Social media is everywhere—it is on every platform and at the heart of every conversation on the major topics of the day. It has shaped journalism and the wider culture that we know.
Social media is everywhere—it is on every platform and at the heart of every conversation on the major topics of the day. It has shaped journalism and the wider culture that we know. But with that culture comes many a question—why is that topic at the centre of attention, and more so, what does that say about the current culture and society?
Anne-Marie Tomchak is trying to get those questions answered. Last October, she became a part of a team within the BBC called Trending. Originally created by Mukul Devichand and commissioned as a programme for BBC World Service Radio, BBC Trending became a new unit within the BBC that would provide content for TV, radio and online, looking deeper into the trends of social media, not just about what they are.
“The key thing that makes Trending stands out is that it strives to be innovative and different,” Tomchak says in a telephone interview, noting its work despite being presented similar to an informal style on social media. “We’re reflecting what’s going on online but also ask questions.”
Since Trending’s launch, acclaim has been rising, from a nomination of an award from the Radio Academy (formerly known as the Sonys), to internal recognition within the corporation, with praise from head of news, James Harding, as social media looks to play a crucial role in the future of the BBC’s newsgathering operations.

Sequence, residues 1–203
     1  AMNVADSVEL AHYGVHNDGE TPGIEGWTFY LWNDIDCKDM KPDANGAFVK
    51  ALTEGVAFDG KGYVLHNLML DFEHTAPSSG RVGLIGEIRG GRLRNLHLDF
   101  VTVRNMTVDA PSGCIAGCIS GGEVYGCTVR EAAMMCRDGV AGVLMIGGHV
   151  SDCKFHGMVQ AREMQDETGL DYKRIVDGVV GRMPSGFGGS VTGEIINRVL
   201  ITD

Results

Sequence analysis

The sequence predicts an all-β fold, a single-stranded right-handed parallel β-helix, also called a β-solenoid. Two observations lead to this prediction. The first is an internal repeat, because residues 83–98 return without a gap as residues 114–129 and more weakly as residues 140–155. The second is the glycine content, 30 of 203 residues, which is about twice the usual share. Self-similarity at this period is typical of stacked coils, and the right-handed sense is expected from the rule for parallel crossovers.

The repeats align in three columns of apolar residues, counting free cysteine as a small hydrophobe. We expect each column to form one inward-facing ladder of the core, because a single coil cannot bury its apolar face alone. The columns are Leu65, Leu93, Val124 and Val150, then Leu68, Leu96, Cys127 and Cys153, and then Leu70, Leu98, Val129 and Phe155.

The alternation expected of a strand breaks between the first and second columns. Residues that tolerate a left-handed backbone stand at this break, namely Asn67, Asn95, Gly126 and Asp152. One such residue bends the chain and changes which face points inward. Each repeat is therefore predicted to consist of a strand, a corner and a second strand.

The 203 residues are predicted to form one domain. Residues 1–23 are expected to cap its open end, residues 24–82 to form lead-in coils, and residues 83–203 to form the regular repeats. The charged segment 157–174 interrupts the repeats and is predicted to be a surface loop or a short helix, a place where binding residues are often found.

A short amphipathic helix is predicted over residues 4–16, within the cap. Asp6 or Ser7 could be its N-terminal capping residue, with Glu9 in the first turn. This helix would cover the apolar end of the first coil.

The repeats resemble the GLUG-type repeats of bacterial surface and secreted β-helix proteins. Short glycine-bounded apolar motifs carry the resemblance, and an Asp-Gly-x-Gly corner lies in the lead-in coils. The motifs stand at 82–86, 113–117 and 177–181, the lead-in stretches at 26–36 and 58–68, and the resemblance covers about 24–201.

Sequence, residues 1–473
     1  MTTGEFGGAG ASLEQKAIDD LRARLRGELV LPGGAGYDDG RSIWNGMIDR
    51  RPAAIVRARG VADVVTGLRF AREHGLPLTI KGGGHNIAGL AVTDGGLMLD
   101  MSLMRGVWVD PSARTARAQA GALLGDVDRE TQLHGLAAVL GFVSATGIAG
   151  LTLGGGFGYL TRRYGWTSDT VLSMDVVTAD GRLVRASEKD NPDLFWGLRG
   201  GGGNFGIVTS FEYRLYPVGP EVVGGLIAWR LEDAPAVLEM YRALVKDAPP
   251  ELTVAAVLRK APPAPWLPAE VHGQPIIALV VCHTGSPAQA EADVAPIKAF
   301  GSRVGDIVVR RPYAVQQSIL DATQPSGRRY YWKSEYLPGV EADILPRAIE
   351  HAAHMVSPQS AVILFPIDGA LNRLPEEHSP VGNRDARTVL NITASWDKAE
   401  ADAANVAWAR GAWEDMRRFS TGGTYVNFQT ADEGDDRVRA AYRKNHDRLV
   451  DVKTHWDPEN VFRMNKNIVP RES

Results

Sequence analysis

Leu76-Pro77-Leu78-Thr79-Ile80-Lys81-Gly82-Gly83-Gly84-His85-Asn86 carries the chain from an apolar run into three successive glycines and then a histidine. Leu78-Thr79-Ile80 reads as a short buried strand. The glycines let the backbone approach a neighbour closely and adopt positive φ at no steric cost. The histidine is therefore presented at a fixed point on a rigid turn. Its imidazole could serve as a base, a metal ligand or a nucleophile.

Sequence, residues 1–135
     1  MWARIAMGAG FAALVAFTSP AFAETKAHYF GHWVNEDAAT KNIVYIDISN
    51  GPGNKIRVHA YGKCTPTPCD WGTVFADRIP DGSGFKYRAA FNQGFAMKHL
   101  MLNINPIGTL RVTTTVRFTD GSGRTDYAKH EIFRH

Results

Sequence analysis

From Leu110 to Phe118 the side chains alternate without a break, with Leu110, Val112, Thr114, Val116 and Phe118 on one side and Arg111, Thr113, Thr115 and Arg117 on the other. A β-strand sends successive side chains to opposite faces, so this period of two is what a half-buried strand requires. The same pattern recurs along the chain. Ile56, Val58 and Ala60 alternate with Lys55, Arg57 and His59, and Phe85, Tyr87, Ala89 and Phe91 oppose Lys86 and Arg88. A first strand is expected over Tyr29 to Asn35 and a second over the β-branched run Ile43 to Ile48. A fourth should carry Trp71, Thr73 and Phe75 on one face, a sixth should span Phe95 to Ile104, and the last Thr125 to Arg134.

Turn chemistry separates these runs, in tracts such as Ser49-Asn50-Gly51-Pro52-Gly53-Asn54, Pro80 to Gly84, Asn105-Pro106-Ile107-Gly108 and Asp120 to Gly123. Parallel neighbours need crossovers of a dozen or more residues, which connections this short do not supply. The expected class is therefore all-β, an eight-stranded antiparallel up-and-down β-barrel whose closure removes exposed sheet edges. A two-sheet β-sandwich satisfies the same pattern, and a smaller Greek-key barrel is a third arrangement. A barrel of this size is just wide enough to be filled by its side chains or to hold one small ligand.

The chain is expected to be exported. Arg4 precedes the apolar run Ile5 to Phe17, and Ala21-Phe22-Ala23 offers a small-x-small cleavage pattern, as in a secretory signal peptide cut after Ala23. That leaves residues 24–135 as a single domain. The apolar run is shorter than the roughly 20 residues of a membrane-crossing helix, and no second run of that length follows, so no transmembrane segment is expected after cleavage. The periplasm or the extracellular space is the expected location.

New medium – traditional practices
For Trending, Tomchak says, it is natural for the operations to be conducted on the web and on its Twitter feed. However, there are differences, she says, noting the BBC Breaking News Twitter feed, which posts the headlines of breaking stories. It posts them and has many followers, but there isn’t time for all the tweets to be replied to. Trending has a beginning, middle and end to a story, however the end continues because of the ongoing conversation, whether the trending content is on Facebook, Twitter, Instagram or Vine.
Yet, Tomchak says, it is her colleagues that help BBC Trending excel.
“The power of the BBC is all one BBC,” Tomchak said. We aren’t separate from the rest. It empowers all of us. What makes us succeed is there is a wealth of different departments and diversity. They look at us, but we look at them too. The BBC is doing a good job of developing its audience on social platforms.”
And despite the medium of social media, it hasn’t changed the idea of journalism in the long term.
“At the heart of it, we still apply traditional practices to a new medium,” Tomchak said. “If someone is a good journalist, it shouldn’t matter about the medium. It’s just learning a language – the language of social media. If you have quality journalists, you can get quality information from that.”
The future of BBC Trending looks bright, Tomchak says. However, at the same time, there are a number of directions it can go, including long-form journalism. Yet, there is a constant, says Tomchak.
“We try to tap into global conversation or bring something new to the conversation.”
You can learn more about BBC Trending here and follow them on Twitter here. Have your say about Trending and social media in the comments section below.